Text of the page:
Tanya Smyk, 19, of the Detroit area, related her experience with the UBC after having attended the Kobzarska Sich bandura camp for 10 consecutive years. She served as a counselor this past summer at camp.
Ms. Smyk said: “As the UBC celebrates it 100th anniversary and Kobzarska Sich celebrates its 40th anniversary, it is great to see that these entities are still going strong. I joined the women’s ensemble in 2017 and assist the UBC with photos and design for pamphlets and promotional materials. For the next 100 years, I hope the UBC serves to maintain and thrive the kobzar traditions, unite the diaspora across the country from near and far through Ukrainian music and culture from its ancient roots to its recent history. I am looking forward to tomorrow’s concert. I encourage the UBC to continue its mission and leave a lasting legacy. Its members represent a cross-section of the diaspora, a mixture of new and old immigrants from across the U.S.A. and Canada.”
Anatoli Murha, president of the UBC, told The Weekly: “I’ve grown up with the UBC and have been a member for 27 years – more than a quarter of the UBC’s existence. Although I reside in Philadelphia, coming to Detroit is really coming home for me personally and the UBC. There is a sense of pride that comes from the members who are from throughout the U.S.A. and Canada, and has been an example for broader development, with personal friends from all over. Seventy years ago, following the arrival of the UBC in Detroit, the community began to organize itself, and the UBC was a kind of cement for the community that held it together. Here we are now, with members who are children and grandchildren of immigrants from World War II.”
Mr. Murha explained how during the centennial tour, and especially in Ukraine, the audience reaction was very emotional, and that the emotional response is something that needs to be shared with the world, especially now given what is going on in world. This centennial tour, he said, will conclude on November 10 in Toronto. It has been 10 years since the UBC last performed in Toronto.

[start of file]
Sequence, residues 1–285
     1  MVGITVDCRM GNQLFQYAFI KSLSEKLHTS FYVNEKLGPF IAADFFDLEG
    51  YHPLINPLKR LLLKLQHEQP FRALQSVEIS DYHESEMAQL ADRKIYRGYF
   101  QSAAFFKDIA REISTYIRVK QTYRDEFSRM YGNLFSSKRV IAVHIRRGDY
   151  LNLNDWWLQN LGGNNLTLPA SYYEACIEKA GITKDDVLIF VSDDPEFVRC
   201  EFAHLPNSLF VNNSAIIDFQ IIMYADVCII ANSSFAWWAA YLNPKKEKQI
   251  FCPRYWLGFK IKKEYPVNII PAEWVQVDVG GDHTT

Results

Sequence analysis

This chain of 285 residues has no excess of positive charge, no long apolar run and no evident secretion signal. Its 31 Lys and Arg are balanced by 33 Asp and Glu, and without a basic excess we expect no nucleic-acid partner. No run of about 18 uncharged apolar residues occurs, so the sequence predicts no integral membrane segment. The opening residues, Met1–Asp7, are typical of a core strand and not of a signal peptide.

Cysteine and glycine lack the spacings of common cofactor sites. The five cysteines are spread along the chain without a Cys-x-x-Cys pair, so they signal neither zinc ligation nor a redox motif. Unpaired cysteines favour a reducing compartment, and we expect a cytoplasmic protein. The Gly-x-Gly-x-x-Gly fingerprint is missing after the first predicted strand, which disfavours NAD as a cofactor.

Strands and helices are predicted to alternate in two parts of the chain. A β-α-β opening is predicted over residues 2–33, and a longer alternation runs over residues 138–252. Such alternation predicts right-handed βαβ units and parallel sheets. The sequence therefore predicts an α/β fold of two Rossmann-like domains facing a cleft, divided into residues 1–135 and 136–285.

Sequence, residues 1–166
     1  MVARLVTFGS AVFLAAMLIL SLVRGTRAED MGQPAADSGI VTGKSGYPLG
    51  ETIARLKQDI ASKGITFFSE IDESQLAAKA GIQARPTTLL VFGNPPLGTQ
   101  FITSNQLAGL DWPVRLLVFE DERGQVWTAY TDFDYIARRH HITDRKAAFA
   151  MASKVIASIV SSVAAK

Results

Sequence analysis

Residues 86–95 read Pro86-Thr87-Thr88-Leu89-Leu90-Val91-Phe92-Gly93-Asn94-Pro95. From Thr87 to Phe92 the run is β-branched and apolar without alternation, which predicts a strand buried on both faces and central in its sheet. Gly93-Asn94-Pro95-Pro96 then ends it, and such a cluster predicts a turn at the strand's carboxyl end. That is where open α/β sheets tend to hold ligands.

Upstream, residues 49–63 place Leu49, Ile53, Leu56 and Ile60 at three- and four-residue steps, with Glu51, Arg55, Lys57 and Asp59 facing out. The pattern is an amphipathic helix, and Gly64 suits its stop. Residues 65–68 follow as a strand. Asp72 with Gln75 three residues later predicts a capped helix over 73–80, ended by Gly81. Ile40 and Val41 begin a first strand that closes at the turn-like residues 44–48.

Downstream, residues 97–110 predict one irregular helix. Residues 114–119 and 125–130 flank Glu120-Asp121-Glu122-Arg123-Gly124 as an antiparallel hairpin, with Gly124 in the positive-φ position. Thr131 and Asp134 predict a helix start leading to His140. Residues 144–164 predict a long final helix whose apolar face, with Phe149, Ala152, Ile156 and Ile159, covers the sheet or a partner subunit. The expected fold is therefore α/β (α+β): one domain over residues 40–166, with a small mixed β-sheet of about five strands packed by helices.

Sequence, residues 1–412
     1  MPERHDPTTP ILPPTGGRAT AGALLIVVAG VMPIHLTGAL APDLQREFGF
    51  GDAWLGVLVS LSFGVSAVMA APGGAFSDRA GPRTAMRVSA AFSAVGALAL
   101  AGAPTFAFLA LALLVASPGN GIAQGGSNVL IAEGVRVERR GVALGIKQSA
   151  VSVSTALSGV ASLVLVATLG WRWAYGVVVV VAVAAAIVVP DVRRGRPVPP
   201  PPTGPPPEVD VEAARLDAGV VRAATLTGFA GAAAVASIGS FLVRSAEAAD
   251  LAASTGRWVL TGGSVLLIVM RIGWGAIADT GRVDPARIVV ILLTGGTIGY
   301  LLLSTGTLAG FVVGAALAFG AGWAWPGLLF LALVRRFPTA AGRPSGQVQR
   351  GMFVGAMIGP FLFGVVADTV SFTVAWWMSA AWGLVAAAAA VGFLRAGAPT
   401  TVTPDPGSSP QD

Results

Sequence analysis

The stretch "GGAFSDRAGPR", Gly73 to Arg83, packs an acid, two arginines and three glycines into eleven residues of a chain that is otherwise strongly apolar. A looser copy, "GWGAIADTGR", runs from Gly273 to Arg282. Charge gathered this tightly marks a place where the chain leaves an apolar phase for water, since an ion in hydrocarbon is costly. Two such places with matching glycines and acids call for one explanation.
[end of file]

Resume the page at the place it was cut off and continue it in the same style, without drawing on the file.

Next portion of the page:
The development process of this legacy campaign has been in the works for 10 years, he said. There are now four bandura camps, where instruction in bandura playing is made available for a few weeks out of the summer, but we cannot take this for granted, Mr. Murha noted, adding there is a need for quality instructors in local communities to supplement the training throughout the year.
For the long term, Mr. Murha said, the UBC will expand its role in a new direction to include more than just concerts, to bring an experience beyond the stage. The three-pronged approach of the UBC@100 Legacy will focus on:
— Guardianship – introducing the bandura to new audiences and working jointly with other artists to share the bandura in new forms;
— Bandura Project – innovating the Kharkiv-style bandura to ensure a future supply of instruments for aspiring players; and
— Education – developing an international exchange program whereby bandura students and teachers from North America and Ukraine can work with each other. (Donations can be made via e-mail, email@example.com, 734-658-6452 or www.ubc100.com.)